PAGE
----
A huge question that torments those of us who are the dramatic main characters of our romantic conquests is: how do you walk back from an overreaction?
But let’s return to the “lad’s holiday” concept and the most triggering triangle: Liam, Lillie, and Millie, who played out our biggest situationship fears in full. I have to say, I didn’t foresee Liam’s head turning to this extent. Up until Casa Amor, Liam and Millie had all the perfections of a stable couple without even the smallest of squabbles. There was no reason to think either of them would be anything but loyal. But this thesis is based on the assumption of a joint understanding of what “loyal” is. And here’s why the ambiguously defined Love Island “couple” dynamic is so fascinating: in its unofficial stages the unwritten rules state that straying from your couple is not “cheating”, it’s simply following the conventions of the show. “Keeping your options open” is a fairly guilt-free exercise. Especially if it means you realise you’re actually more into the person you’ve been seeing. You can easily look past – or even keep secret, if in the outside world – this sort of behaviour without too much guilt. But does this really fly for Love Island, where you share a bed, are intimate 24 hours a day, and your relationship is not only laid bare in the immediate company of others, but to the nation?
Part of the challenge of Casa Amor is the built-in imbalance. The “lad’s holiday” excuse seems poor, but these men are shipped off to an environment which is by name a house of love, with the expectation of entertaining new contestants; emotionally and physically removed from the original conditions of their couplings. Contrastingly – as has been the case in now three out of the latest four series – the girls remain in the main villa, in the same environment and spaces where they’ve made memories with their spouses, effectively politely entertaining guests in their own home.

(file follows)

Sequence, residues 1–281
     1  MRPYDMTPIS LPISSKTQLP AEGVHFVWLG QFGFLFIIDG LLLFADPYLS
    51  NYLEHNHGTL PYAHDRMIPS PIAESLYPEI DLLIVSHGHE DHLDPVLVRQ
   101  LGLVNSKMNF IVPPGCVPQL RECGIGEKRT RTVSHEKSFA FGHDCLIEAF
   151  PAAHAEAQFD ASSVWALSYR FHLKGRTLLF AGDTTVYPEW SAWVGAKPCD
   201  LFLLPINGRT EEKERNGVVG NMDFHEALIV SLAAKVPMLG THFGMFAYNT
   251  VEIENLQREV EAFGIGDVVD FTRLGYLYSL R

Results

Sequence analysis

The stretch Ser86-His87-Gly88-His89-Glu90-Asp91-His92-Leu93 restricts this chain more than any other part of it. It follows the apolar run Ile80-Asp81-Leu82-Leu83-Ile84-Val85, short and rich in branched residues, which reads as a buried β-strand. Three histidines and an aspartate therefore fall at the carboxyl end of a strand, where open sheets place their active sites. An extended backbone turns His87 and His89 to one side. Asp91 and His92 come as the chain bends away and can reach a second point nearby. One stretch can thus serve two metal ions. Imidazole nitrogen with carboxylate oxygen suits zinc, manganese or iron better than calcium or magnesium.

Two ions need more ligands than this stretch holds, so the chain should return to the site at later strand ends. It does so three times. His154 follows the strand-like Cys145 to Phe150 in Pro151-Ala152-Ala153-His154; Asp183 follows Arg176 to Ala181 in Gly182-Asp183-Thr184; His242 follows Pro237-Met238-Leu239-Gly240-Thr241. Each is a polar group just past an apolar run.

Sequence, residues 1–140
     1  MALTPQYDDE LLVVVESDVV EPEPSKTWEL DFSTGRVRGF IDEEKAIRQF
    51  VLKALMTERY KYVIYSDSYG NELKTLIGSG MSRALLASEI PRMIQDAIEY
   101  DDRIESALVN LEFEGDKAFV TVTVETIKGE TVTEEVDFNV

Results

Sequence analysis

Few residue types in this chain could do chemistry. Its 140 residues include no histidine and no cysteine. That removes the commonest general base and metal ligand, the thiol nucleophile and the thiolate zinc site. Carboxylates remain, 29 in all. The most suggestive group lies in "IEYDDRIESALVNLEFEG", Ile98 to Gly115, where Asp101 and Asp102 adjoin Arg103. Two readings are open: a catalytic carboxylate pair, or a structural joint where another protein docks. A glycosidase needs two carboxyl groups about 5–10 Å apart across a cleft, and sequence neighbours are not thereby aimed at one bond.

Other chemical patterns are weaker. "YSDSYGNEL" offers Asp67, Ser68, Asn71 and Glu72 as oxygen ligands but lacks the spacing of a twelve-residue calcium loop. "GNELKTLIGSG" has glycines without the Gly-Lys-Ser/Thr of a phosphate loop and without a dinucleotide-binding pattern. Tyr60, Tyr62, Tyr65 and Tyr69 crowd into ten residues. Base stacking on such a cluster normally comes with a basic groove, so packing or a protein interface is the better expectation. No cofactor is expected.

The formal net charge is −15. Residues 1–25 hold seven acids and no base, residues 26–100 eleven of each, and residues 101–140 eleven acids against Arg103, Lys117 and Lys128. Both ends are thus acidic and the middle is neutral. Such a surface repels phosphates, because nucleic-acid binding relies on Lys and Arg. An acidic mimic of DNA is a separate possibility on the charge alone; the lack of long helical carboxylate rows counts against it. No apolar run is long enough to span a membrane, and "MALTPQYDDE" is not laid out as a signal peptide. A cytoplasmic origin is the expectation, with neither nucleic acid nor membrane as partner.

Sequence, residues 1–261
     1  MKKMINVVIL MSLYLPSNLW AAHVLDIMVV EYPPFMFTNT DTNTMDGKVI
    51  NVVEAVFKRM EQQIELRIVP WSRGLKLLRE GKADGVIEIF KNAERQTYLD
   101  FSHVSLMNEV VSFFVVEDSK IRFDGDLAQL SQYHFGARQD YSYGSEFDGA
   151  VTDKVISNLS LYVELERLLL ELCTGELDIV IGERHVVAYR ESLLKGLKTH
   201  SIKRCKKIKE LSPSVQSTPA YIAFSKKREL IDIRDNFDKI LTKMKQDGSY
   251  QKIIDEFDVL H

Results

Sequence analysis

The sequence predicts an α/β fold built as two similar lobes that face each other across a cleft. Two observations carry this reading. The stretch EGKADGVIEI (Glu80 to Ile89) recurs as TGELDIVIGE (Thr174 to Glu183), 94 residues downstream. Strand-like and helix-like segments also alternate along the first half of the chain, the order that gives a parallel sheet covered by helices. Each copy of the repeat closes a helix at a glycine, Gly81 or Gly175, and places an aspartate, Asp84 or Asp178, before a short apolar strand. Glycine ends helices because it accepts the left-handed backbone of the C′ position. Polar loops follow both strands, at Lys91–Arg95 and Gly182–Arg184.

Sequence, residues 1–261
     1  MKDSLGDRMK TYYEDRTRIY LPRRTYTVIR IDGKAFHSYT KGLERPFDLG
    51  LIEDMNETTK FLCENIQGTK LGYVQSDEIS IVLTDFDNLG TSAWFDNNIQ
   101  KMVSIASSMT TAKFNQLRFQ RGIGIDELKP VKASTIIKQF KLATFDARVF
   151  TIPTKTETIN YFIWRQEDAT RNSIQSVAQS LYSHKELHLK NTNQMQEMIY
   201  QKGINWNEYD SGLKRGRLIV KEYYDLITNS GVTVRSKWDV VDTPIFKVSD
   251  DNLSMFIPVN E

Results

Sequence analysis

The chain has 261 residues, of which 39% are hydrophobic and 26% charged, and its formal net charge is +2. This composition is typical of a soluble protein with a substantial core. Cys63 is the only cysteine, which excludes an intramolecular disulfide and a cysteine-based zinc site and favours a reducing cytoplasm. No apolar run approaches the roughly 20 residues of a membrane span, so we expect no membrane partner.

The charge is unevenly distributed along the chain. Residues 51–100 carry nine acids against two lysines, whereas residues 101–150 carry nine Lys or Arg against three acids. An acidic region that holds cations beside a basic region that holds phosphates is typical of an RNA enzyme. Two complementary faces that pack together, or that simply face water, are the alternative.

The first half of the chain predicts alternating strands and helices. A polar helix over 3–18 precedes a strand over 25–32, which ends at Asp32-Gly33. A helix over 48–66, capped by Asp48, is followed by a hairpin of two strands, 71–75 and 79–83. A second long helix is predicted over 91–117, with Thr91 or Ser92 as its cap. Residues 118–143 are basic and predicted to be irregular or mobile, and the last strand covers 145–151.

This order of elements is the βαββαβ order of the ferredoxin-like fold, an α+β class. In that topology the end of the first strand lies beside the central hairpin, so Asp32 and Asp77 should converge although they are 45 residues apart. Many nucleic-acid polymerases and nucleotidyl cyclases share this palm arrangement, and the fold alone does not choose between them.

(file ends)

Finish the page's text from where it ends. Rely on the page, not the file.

And so, whilst Liam is currently public enemy number one – and rightly so – I do genuinely believe that in his mind he felt he was doing nothing wrong. I correctly predicted that despite his flirtations with Lillie he would return to the villa alone, and that he feels he only dipped his toe to secure confirmation that he is “right” to keep pursuing Millie. But those unspoken boundaries and rules of the ambiguous “coupling” period, combined with the vast difference in the experience of waiting at home vs. being shipped off on a lad’s retreat, mean that Liam and Millie’s experiences and understanding of what happened are, by design, irreconcilable. I’m hoping that they don’t get back together, to be honest. Liam will without doubt attempt to run Millie down until she exhausts herself to the point of giving in, but she certainly deserves better. And if a likeable bombshell enters the villa to sweep her off her feet and make her forget about Liam, she’s a firm contender for the grand prize.
Which brings me onto the only man to seemingly entertain the idea of accountability and growth: Toby. Or as I’m calling him now, King Tobias. Look, you actually cannot hate Toby. Trust me, I tried. But the man simply doesn’t know whether he’s coming or going. Of all the men who strayed, he seemed the most genuinely remorseful and I genuinely believe that his movements between different women aren’t motivated by malice or disregard, but absolute confusion. I’ve had to concede that Toby simply sees the world in a completely different way from the rest of us. He’s perhaps one of the only boys to sit down and accept that his behaviour is an issue and needs a resolution. And he’s outrageously funny without even trying to be.In the midst of the tensions, home truths, and questions of the future plaguing the islanders, Iain Stirling’s narration on Toby’s imagined thought process: “when are they bringing some new girls in here?” made me burst out laughing.
What’s made this such brilliant television is that unlike serial womanisers of series past, all of the women that Toby has strayed from remain in the villa. When Adam had the Kendall/Rosie/Zara situation, or Danny faced the Yewande and Arabella triangle, the paramours were dumped from the villa, along with any potential conflict or hopes of reunions. Usually the post-Casa episodes are when the show starts to slow down or the characters begin to irritate you beyond belief, but I genuinely think I’m more excited about where the Toby plot could take us than I was about Casa Amor. This is truly Toby’s Island, everyone is just living in it.